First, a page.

Photos of STILL HOUSE by Studio Periphery.
STILL HOUSE is a conservation shophouse redesigned in collaboration with Studio Juju. It is part of the first set of homes in Figment’s flagship Case Study Homes series, launching Feb 2020.
About Studio Juju
Studio Juju was established in 2009 by Timo Wong and Priscilla Lui to practice design across disciplines in furniture, products, and spaces. The studio’s approach is fresh and optimistic and each project is a union of simplicity and warmth, functionalism and whimsy, refinement and relevance.
Studio Juju has been honoured the “Designers of the Future” by Design Miami/ Basel 2011 and the Singapore President’s Design Award, the highest recognition for design in Singapore, in 2014. The studio has gone on to make their mark in public spaces, with site-specific ‘Garden Benches’ commissioned for Gardens By The Bay (Singapore) and their first permanent public art installation, titled ‘Big Round & Tall Long’, unveiled by the Land Transport Authority of Singapore at the Downtown Line Tampines train station in 2017.
About STILL HOUSE
Located on Singapore’s ‘most colourful street’, STILL HOUSE is a respite from the eclectic neighbourhood of Joo Chiat. Restfulness and simplicity are at the core of this pastel pink terrace house. Playing with shape and form, Studio Juju worked with rounded edges, a muted colour scheme, and natural materials to create a pleasant and welcoming abode that is gentle on the senses. Accents of colour are added on doors and in the choice of wall art, including pieces by Wu Yanrong and Enzo Mari.
About Wu Yanrong
STILL HOUSE also features work from Wu Yanrong.
Wu Yanrong is a Singaporean graphic designer and illustrator who works mainly in traditional mediums.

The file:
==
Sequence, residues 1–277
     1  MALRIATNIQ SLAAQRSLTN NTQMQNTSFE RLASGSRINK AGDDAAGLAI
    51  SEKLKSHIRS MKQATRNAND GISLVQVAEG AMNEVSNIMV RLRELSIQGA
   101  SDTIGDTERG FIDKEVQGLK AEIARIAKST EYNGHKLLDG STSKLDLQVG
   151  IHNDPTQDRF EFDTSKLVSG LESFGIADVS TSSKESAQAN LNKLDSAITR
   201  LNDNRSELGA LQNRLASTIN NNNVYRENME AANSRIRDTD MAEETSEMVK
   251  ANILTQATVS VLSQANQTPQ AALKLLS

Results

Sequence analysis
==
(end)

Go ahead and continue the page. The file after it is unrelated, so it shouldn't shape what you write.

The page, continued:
“Migratory Birds” is a series that was commissioned by Studio Juju for Figment. These six birds, all from different flyways — flight paths used by migrating birds- represents the coming together of people from all over the world.
About Ren Zi
The launch of STILL HOUSE on 29 February will feature two installations by Ren Zi.
Ren Zi’s practice interrogates reality perception through mythic meta-narratives, grounded inphilosophical idealism, the concept of entangled dualities + Halberstam’s queer failure
As self-annointed “ghost of Singapore future”, their current obsession is the exploration of the country’s various alternate futures within the context of its constructed myths + the Anthropocene
They have been invited to The Arctic Circle Residency + Gwangju Museum of Art International Residency Studio Programme. Their works + shows, local + abroad, have been featured in traditional + online media, including the AsiaArt Pacific 2016 Almanac
Title – rose trigger
Medium – 3-channel video
Dimension – Variable
Year – 2020
The building’s pink façade, reminiscent of famille rose Peranakan porcelain ware, serves as the work’s starting point
It re-inserts the ostentation of the space’s original occupants as an aesthetic haunting of + contrast to the minimalism of the refurbished interior + our contemporary sensibilities
Distilled to a pair of competing mantras, rose trigger is a tug-of-war between the embrace + rejection of histories + memories
Presiding over is a foetal phoenix. A prominent motif in Peranakan material culture, it has been semiotically conflated with its Grecian namesake to symbolise the site’s never-ending cycle of renewal
Title – mnemosyne #6 (supergravity)
Medium – Mixed-media installation
Dimension – Variable
Year – 2020
mnemosyne #6 focuses on the weight of memories, memories current, future + past collapsed into a singularity. Its only visible artefacts are afterimages lingering forever at the event horizon
In the case of memory-dense 15 Koon Seng Road, afterimages reveal the structuring of space, shorthands for demarcated domains + functions within the site: The pair of guardian lions where home bleeds into the world outside the gates; the wedding ornament symbolic of familial lineages; the plate speaking of quotidian domesticity. While the accompanyingsoundscape reminds us of the sea’s former location along what is now Marine Parade Road